... Call me crazy but it sure seems like there are scads of massively impractical boats in our yard - I14's, 49ers, A-Cats, Canoes, Moths, H20's, Aussie18's, etc. There is nothing remotely practical about these boats and your wife isn't going to take a shit on one.
... In 10 years Hobie/Nacra/etc. will all have off-the-shelf foilers that will be marketed to 14 year old girls and retirees as the most practical, fun and relaxing sailboat ever built. With speeds into the 40's and cup holders standard. All the sails will have a huge portrait of Doug on them to honor his wisdom (RIP Doug)
Foiling cats are going to take over the entire world MF'er!
Ok maybe not quite that far, but you get the idea. It's just a matter of time. The toothpaste is out of the tube.
BTW: the Tin Can got panned because, like Hotrod's plywood abortion, it was a galactic hunk of shit that wasn't going to last 20 minutes in any real weather. Not because Joe Cal20 couldn't buy one or David Van Dumb couldn't tow it with his Prius. C'mon, you saw that thing.
Whew! I'm really lovin' that stream of consciousness rant.
Unfortunately, it also ignores the fact that even that list of glorious, impractical (your reference) rides you mention above were obtained by someone who had to practical their way into a closure thought such as: Will my checkbook handle this? Where do I store the MF'er? Can I fix it if it breaks? Am I gonna catch more shit than it's worth at the YC bar on Saturday? Will my old lady want to ride on it (even if she isn't in a shitting mood)... yeah, you get the picture. All these thoughts come directly from the practical function in the brain of even the most out of control fool.
The toothpaste is out of the tube, so to speak, but that does not extend the goo line into recreational boating, which is an entirely different paradigm of thought and execution than is any design idiom created primarily for racing machines. I've already said many times that foils have their place in the racing environment and I like that they are included in designs (and not) according to the boat's purpose and the rules in which they operate.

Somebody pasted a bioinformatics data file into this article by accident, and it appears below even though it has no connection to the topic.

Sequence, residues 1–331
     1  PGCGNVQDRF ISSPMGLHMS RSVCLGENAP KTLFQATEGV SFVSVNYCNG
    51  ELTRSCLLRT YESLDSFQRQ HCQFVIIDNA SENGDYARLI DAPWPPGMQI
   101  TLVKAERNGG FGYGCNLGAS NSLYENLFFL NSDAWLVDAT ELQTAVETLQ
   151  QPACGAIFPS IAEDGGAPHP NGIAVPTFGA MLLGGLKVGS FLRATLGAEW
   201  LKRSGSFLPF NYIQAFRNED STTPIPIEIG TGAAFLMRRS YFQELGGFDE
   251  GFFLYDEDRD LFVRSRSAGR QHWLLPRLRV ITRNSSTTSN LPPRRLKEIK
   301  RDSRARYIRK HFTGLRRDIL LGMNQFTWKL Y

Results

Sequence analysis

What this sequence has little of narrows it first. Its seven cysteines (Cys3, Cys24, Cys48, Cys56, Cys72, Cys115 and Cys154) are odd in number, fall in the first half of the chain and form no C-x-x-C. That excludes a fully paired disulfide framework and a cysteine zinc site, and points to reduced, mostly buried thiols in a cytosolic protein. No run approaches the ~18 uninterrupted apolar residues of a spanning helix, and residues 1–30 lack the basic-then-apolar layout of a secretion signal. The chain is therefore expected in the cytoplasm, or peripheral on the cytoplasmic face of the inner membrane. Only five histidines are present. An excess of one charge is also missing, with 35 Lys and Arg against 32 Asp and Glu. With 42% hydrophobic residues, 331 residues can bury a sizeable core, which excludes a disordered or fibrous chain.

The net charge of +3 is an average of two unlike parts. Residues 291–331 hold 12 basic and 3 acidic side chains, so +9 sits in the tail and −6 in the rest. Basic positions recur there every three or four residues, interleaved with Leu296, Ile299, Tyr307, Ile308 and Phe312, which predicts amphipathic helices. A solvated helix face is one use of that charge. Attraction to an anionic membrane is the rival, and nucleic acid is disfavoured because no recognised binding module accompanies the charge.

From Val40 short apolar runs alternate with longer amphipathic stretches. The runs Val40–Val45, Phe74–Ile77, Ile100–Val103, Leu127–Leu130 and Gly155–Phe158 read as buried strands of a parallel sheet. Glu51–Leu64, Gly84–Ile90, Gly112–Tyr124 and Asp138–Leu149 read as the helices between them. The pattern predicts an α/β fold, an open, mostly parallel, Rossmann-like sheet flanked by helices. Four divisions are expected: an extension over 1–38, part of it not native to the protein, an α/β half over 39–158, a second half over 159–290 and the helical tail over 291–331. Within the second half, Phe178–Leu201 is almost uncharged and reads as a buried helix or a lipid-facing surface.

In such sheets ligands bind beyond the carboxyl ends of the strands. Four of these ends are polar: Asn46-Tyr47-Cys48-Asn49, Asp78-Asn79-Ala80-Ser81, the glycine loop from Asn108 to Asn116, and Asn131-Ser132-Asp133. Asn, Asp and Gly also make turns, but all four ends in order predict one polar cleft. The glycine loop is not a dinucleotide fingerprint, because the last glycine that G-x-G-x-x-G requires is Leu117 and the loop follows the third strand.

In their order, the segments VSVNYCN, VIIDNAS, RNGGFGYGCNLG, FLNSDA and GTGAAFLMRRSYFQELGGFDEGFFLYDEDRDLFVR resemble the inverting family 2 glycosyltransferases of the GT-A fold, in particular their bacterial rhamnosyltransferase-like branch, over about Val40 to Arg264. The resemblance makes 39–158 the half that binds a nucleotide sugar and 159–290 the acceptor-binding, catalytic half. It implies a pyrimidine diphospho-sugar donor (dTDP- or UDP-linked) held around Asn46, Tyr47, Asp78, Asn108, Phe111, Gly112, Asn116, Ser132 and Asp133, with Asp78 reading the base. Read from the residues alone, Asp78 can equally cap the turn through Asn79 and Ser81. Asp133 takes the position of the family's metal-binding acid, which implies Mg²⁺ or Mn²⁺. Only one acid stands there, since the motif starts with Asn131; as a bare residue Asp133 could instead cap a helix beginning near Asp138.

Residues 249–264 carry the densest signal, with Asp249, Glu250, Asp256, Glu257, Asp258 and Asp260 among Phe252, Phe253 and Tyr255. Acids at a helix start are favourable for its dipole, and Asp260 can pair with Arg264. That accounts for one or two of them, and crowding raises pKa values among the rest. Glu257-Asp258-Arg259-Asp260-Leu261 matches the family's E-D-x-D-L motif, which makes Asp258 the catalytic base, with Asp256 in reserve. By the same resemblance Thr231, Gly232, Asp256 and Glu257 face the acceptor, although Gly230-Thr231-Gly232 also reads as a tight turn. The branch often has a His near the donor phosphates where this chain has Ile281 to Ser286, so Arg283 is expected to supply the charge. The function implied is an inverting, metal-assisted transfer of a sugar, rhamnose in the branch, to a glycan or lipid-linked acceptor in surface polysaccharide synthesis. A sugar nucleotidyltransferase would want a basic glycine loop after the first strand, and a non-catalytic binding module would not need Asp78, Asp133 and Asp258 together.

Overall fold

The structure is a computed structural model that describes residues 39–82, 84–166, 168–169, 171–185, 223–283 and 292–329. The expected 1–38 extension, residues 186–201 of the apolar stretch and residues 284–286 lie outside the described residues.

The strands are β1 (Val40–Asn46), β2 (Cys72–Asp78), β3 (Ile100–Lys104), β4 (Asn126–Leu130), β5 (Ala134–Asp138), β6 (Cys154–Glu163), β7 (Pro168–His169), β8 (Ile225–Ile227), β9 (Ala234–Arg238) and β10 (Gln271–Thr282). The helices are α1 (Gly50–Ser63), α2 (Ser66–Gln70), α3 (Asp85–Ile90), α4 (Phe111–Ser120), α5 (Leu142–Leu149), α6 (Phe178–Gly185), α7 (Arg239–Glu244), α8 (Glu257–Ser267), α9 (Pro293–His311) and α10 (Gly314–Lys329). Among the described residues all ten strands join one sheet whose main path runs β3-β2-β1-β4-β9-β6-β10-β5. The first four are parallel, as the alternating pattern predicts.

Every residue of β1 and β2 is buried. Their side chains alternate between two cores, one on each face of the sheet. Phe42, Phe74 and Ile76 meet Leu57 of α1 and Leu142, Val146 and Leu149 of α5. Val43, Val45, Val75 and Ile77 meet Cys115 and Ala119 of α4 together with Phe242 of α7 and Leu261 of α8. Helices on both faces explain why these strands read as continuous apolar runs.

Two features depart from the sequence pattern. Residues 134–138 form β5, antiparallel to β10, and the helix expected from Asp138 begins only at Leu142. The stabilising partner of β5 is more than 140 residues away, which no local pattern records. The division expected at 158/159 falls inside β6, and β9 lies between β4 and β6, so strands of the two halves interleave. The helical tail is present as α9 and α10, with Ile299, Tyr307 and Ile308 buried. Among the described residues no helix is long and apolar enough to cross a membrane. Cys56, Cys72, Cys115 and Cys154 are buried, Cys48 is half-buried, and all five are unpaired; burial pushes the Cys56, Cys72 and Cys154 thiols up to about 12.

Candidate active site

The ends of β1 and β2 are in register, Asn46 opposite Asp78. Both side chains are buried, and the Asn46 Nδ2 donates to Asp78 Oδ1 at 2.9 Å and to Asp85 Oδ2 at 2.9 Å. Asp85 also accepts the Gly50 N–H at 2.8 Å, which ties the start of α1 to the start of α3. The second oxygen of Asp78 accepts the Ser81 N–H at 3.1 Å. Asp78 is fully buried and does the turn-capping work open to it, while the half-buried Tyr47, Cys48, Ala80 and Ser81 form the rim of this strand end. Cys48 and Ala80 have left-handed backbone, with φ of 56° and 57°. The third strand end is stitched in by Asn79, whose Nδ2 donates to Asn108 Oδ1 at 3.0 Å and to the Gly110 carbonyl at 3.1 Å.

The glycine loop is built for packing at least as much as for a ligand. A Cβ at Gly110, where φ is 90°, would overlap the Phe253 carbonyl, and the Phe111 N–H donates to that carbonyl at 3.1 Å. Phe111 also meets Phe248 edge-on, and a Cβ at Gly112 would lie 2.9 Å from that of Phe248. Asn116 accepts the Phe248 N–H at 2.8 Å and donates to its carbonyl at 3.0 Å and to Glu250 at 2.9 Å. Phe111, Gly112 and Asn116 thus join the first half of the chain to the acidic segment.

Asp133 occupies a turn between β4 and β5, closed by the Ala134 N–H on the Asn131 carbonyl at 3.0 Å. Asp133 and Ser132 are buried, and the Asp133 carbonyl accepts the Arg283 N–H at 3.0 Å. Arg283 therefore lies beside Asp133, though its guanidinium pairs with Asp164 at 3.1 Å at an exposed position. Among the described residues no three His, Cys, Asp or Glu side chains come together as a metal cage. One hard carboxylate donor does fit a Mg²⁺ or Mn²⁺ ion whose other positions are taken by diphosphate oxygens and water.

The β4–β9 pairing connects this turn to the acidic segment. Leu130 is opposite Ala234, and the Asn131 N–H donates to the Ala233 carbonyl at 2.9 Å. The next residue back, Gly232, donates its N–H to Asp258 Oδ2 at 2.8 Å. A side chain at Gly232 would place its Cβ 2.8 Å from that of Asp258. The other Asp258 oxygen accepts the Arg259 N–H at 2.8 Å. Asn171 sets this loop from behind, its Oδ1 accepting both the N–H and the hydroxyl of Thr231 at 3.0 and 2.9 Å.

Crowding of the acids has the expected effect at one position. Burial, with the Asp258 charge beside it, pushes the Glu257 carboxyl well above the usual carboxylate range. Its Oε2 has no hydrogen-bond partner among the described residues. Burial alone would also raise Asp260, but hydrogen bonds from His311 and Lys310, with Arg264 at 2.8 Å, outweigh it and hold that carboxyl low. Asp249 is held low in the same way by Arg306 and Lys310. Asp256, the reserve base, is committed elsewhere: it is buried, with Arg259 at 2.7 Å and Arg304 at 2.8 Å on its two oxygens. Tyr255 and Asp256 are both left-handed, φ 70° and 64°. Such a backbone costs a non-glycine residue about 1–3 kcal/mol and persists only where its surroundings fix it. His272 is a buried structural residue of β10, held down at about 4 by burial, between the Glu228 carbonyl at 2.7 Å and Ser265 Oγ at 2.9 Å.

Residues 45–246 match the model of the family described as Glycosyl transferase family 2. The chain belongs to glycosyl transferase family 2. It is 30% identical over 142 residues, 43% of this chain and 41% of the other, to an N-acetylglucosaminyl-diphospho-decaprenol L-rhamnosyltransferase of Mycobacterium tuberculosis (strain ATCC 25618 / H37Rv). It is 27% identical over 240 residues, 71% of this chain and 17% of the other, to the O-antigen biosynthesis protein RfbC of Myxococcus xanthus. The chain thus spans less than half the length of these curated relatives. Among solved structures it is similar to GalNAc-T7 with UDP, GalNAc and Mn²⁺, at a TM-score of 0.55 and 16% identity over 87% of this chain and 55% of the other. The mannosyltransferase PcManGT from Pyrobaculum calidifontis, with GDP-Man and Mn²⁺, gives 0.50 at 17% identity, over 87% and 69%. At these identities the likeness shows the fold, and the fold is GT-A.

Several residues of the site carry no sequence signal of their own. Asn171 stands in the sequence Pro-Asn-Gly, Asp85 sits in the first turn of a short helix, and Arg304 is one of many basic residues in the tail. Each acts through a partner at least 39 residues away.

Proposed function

Just guessing here, but let's just say that there are something like 15 new monohull models being introduced each year for the performance boating community. How many of them, in the past year, have incorporated that darling of Doug Lord's fervent, foamy, imagination... the DSS foil? Care to venture a guess as to how thoroughly the foiling flood has been accepted in that community? These are boat builders/designers who have slaved over their boards to get the last crumb of performance and living wage profit out of their boats, knowing that the dude in the next shop over is doing the same thing... and they are ignoring a foil setup in a mass demonstration of refusal. How come, if its' so compelling and it's already out there to just glue into their new design? This product has been out for years now and the sailing design world is well aware of it as an element of this supposed, foiling explosion. How come it's being dissed when there is such a hyped, beneficial advantage to the incorporation of the device? The answer: Final boat cost, complexity, licensing fees, marketing effort required, potential maintenance.
Recreational sailors are an entirely different sort of animal and they do not want to spend money on stuff that has extremely limited value for their needs, or exceeds their ability to comprehend and extract results from the feature. The Tri-foiler and the Rave suffered from this very reality way back when and the argument still exists today. If the function of foiling were so hot for the general sailing population, you would have seen ten manufacturers right now churning out flying Moths. As it is, the Moth is down to a trickle of its once heady rush of sales and the market is pretty much saturated... and that is an entry level device from an affordability perspective. Nobody asked a Moth buyer to flop a wad of $35+ Large on the table just to find out if he could actually control the thing and go flying somewhere.
Do you have any idea as to the relevant sales figures for rice rockets vs more pedestrian commuter models in the motorcycle marketplace? How about the relevant insurance premiums for same? How about theft stats, maintenance realities, or accessories? Therein lies the argument and it applies to each and every snappy commercial product that emanated from a more toned-down version. That reality based on pragmatism is rooted deeply in Marketing and Product Strategy 101. Failure to heed leads to a lumpy experience.
By the way... whatever happened to canting keels and their supposed salvation for the recreational monohull world... well, according to Doug, anyway? Dude went off on the technology some years back and he predicted massive, wholesale conversions of every kind of keel equipped boat on the planet until all of them were just wiggling with excitement, just waiting to be sailed by the hungry throngs of recreational sailors. Seen any lately in vast numbers that make the function so obvious that no respectable designer would ever pick up a pencil without first bowing to the guru of all things just right, our omniscient resident, Mr. Lord?
Care to make any wild predictions on that heady call?